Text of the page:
This lyrical novel of community, betrayal, and love centers on an unforgettable matriarchal family on Bird Hill in Barbados. Two sisters, ages 10 and 16, are exiled from Brooklyn to Bird Hill after their mother can no longer care for them. The young Phaedra and her older sister, Dionne, spend the summer of 1989 with their grandmother Hyacinth, a midwife and practitioner of the local spiritual practice of obeah.
“Reminiscent of Jamaica Kincaid, Jackson’s coming-of-age tale makes Barbados spring from the page with humor, beauty, and heartbreak,” said Amanda Hurley of Inkwood Books in Tampa, Florida.
Born and raised in Brooklyn, Jackson went on to study fiction at the Iowa Writers’ Workshop, where she was awarded the Maytag Fellowship for Excellence in Fiction to complete The Star Side of Bird Hill. Jackson’s work has appeared in literary journals and magazines in the U.S. and abroad.
What inspired you to write The Star Side of Bird Hill?
Naomi Jackson: I grew up in a predominantly West Indian neighborhood in Brooklyn and spent summers in Barbados (where my mother’s from) and in Antigua (where my father’s from) with my sister and a gang of cousins. It was in Barbados and Antigua that I first understood the trickiness of the hyphen between American and Caribbean — that I could be as much an outsider there as in Brooklyn. During those long, hot days, I became a voracious reader, the first step to becoming a writer. I wrote The Star Side of Bird Hill to explore these experiences and to examine issues that are important to me, namely family, mental illness, homophobia, religion, etc. Writing the book was also a way to answer a question that always dogged me: What would happen if, like my parents sometimes joked, they sent me home to the Caribbean for the summer, and left me there for good?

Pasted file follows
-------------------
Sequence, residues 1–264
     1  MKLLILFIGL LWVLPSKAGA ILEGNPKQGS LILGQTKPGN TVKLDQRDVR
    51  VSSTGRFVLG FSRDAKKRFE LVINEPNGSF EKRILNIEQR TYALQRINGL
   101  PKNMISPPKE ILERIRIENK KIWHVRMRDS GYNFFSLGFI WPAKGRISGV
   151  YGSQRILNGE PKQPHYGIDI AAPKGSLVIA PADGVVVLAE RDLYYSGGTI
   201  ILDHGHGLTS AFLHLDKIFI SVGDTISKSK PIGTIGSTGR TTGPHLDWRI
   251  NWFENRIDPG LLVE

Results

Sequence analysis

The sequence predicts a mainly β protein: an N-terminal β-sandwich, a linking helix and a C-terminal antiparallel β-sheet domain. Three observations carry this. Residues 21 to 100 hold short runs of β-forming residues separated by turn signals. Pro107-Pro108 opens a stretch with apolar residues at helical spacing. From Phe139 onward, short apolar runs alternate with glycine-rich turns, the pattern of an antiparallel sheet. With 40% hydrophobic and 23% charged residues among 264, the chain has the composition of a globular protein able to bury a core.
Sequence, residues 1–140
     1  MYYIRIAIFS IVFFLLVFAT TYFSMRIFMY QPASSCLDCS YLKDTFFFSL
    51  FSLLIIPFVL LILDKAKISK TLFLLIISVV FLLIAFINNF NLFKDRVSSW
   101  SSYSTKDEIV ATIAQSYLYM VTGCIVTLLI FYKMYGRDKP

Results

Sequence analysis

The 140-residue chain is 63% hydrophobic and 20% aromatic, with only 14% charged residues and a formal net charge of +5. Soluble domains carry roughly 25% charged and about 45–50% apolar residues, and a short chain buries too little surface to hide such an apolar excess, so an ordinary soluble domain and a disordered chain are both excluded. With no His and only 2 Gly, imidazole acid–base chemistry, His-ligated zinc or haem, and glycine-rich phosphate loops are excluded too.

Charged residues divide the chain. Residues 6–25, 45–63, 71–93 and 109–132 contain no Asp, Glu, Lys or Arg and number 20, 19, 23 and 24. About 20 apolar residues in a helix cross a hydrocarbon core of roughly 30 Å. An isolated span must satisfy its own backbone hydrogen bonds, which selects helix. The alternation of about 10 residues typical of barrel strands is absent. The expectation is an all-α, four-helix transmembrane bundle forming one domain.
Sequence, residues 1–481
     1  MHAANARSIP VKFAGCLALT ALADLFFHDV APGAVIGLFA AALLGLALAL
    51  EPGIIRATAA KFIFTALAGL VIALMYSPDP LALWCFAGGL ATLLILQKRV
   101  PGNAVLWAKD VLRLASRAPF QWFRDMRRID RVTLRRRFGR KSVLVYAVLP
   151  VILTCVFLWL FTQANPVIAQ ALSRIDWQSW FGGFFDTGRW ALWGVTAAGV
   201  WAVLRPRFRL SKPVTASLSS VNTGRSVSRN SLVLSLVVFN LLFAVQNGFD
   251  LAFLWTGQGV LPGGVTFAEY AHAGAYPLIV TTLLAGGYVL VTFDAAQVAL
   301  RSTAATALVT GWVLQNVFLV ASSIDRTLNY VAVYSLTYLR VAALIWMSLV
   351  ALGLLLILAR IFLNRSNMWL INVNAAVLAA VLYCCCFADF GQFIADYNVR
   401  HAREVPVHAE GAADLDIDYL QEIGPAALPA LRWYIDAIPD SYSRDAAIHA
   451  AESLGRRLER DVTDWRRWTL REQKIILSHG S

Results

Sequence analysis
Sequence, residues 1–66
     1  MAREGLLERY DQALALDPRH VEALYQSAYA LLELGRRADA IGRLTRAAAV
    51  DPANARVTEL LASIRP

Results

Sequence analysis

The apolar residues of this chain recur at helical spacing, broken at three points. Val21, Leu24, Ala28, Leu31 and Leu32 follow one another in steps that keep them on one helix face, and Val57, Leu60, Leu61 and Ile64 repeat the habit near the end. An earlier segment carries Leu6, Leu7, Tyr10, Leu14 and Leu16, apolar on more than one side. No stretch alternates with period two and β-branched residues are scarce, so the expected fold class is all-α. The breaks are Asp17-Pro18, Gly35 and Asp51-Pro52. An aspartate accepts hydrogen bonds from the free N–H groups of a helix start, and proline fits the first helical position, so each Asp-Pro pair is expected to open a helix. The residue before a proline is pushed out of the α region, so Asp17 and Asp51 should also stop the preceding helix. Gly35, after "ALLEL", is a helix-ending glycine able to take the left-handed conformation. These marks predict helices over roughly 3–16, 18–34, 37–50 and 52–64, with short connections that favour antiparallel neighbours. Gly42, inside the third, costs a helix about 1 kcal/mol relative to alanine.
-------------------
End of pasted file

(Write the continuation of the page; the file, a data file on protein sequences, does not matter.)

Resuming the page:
What was the writing process like? How did the story develop?
NJ: I wrote The Star Side of Bird Hill over the course of four years in four very different places — Brooklyn; Barbados; Iowa City, where I went to graduate school; and Philadelphia, where I was on a writing residency at the University of Pennsylvania. Each place influenced me and, in turn, the book. I went to Barbados for a summer to research the book, and it opened up an entirely new relationship to the island where my mother’s family hails from. It was awesome to experience the Caribbean as an adult, to form friendships outside my family, and to better understand the world I recreated in the book. A friend let me tag along while she went location scouting for her first short film, and a lot of the places we visited in Barbados’ countryside ended up featuring prominently in the novel. It was great to experience the mundane things some Bajans take for granted — being able to eat mangos straight from the tree, living a short walk away from the sea, seeing goats in the pasture while I sat writing at the dining room table each morning, easy access to fishcakes.
After growing up in Brooklyn and spending several summers in the Caribbean, what was the experience like to write about two places you know so well? Did you find yourself doing additional research?